As Nichols, Lat, and I all discovered, covid-19 patients aren’t just participants in media coverage, they’re also often big consumers of covid-19 related news. As journalists writing about the disease, we must be aware that our work may be received by two very different audiences—patients who are often educated about their illness and sensitive to certain reporting approaches, and members of the general public who don’t understand the intimate experience of contracting the virus. 

Bridging this gap isn’t easy—especially during a fast-moving pandemic, when knowledge is constantly shifting—and may require a rethinking of deadlines and newsroom policies, but it is both possible and necessary.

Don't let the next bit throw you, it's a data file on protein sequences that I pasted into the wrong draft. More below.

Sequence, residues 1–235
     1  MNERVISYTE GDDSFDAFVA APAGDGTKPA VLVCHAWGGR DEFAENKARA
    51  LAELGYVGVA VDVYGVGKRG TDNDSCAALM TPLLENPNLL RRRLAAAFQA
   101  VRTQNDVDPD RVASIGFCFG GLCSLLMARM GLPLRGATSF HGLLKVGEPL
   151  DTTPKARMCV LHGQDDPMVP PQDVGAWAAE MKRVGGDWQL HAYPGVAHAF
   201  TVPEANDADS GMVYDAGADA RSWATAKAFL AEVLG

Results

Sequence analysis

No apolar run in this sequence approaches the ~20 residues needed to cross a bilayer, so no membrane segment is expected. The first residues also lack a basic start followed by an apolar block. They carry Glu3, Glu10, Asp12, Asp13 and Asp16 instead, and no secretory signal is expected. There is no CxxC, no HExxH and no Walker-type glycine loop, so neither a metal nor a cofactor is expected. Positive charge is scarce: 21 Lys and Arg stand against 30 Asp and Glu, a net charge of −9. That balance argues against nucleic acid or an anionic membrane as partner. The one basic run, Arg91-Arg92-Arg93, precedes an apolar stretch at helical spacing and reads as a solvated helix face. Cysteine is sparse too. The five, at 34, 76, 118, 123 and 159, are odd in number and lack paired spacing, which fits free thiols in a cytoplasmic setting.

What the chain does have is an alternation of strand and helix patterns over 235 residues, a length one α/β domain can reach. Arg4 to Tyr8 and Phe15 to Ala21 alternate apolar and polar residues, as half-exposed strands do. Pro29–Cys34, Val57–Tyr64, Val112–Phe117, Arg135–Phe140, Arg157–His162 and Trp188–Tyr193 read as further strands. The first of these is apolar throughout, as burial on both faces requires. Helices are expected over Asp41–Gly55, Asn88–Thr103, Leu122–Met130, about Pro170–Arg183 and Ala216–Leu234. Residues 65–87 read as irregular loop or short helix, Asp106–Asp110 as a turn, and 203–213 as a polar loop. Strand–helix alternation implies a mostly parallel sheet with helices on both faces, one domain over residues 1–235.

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Correction: An earlier version of this post misstated David Lat’s age when he was placed on a ventilator. He was forty-four, not forty-five.

Fiona Lowenstein is a writer, speaker, editor, and producer based in New York City, the founder of the queer feminist wellness collective, Body Politic, and a co-founder of Body Politic's COVID-19 Support Group.